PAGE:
Additionally, with Spray.io I feel I'll be able to get more of an understanding as to how Akka and even how SBT work considering that this my first Scala based application, but more importantly build beautiful RESTful API's. I say this because the more I've used Spray.io the more I've fallen in love with the clean, concise and readable approach to the implementation of my application. I'm able to also keep my project light weight and clean from all the bells and whistles that a typical web framework provides, this is very important considering that I'll be using a Javascript/HTML based framework for building the web application UI and a mobile framework for the mobile UI, both using the same RESTful API's.

I plan to deploy the application to Cloud Foundry and Play was the best choice there, but I found that I can deploy my Spray.io application as a standalone application so that isn't going to be an issue. But the first class support for Play both on Cloud Foundry and Heroku is a huge plus for anyone using Play.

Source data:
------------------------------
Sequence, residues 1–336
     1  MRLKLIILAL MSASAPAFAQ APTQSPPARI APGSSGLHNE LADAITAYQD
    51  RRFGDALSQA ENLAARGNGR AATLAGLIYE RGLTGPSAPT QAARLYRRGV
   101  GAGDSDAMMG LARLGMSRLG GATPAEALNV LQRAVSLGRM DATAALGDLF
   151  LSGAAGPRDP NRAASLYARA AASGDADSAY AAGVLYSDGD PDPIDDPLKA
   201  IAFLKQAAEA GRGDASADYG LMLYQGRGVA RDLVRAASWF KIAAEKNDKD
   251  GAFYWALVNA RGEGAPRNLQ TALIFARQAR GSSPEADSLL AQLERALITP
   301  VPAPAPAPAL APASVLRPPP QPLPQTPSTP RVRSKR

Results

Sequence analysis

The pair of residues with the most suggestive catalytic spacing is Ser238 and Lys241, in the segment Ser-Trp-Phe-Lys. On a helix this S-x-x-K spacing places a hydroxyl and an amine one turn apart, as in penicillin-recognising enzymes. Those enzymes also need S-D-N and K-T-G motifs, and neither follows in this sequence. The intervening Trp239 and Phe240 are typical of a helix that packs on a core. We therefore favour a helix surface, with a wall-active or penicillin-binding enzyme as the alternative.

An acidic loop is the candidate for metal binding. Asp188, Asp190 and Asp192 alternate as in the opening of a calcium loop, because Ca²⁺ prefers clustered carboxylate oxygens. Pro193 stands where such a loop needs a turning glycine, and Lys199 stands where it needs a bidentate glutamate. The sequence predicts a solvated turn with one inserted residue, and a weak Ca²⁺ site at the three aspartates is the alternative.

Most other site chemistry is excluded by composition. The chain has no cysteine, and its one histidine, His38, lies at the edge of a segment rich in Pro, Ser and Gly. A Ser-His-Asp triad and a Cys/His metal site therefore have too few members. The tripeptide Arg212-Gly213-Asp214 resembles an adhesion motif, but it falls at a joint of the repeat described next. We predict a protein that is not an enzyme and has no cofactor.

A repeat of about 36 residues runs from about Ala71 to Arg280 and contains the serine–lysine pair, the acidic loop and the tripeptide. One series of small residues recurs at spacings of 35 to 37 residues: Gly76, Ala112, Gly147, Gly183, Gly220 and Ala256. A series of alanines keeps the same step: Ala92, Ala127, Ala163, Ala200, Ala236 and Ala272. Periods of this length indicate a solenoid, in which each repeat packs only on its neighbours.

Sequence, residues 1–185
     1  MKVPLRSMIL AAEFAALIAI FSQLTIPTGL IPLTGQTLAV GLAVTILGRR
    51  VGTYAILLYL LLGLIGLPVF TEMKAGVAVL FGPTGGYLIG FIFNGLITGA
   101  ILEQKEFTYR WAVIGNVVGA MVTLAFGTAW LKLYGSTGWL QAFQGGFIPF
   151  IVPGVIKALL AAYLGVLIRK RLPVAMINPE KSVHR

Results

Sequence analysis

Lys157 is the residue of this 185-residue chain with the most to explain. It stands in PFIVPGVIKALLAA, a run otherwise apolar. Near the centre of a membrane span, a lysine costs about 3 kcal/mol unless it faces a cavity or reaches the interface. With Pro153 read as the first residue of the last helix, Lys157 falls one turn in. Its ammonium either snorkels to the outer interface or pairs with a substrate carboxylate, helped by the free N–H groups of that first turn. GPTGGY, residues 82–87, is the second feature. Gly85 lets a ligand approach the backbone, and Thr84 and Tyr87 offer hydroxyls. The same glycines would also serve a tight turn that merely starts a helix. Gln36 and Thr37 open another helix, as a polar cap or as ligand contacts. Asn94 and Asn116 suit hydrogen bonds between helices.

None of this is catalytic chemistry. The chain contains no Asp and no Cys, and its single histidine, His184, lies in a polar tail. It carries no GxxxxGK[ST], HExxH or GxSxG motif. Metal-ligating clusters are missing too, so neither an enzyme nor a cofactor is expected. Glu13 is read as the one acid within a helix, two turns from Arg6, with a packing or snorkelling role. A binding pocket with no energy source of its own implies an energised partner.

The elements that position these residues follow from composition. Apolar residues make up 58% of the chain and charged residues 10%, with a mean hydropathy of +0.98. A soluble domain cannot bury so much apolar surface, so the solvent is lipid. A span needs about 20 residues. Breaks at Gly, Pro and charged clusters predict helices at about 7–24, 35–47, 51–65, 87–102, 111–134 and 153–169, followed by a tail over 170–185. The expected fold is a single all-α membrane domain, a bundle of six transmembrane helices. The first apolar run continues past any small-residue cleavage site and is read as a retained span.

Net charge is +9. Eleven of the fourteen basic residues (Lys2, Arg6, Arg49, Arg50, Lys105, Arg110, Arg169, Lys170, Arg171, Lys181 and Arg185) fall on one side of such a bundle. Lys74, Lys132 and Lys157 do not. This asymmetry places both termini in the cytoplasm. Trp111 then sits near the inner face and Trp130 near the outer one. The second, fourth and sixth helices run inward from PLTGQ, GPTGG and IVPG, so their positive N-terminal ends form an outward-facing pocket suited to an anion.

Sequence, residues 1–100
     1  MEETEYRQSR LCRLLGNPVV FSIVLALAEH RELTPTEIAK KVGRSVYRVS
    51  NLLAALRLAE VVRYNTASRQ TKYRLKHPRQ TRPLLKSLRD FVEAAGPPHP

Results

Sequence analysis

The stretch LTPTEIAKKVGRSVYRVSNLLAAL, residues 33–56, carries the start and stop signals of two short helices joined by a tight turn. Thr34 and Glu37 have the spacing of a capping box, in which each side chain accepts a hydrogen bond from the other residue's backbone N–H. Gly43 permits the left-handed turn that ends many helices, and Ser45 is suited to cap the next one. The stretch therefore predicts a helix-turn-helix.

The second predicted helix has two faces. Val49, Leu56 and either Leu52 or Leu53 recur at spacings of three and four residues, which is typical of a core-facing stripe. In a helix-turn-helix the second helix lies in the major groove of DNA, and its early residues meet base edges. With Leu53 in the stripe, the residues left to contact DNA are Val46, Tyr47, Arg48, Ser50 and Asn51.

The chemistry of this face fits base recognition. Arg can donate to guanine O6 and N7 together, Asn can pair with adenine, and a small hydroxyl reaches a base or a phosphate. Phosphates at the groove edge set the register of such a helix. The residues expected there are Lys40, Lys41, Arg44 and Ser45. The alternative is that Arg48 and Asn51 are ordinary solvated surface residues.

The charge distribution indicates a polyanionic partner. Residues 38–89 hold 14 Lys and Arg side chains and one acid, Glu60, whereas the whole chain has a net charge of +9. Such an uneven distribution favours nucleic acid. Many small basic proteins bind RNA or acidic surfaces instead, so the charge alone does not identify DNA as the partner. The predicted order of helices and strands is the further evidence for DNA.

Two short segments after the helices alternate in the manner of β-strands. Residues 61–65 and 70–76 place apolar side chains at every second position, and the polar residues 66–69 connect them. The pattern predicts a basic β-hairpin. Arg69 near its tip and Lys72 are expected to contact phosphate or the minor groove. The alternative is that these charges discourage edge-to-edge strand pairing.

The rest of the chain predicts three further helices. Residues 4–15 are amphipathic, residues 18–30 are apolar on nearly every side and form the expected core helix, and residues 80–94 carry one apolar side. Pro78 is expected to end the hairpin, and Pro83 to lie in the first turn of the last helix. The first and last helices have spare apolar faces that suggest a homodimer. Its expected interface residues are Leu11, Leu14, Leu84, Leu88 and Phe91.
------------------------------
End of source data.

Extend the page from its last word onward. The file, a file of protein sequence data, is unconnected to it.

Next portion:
If I get time I will put up some code examples of the Spray.io REST implementation but for now here are some useful links for anyone interested:
http://www.cakesolutions.net/teamblogs/2012/07/29/api-first-rest-in-akka-and-spray/
http://skillsmatter.com/podcast/scala/spray-rest-on-akka
http://marakana.com/s/post/1150/spray_rest_on_akka_from_the_northeast_scala_symposium
http://www.decodified.com/spray/2011/03/31/introducing-the-spray-framework.html

Here are two links for cloud foundry:
http://blog.cloudfoundry.com/2012/05/11/running-standalone-web-applications-on-cloud-foundry/
https://github.com/cloudfoundry-samples/spray-can-server
http://docs.cloudfoundry.com/frameworks/play/java-mongodb.html


Scala/Spray.io with MongoDB:
Casbah - https://github.com/mongodb/casbah
JanxSpirit g8 template - https://github.com/JanxSpirit/spray-mongodb.g8
Salat - https://github.com/novus/salat

12 comments:

  1. Replies
    1. Best place to start is the wiki page on github: https://github.com/spray/spray/wiki/Authentication-Authorization

      It's a little outdated (atleast when I was reading through it) but it's a great place to start.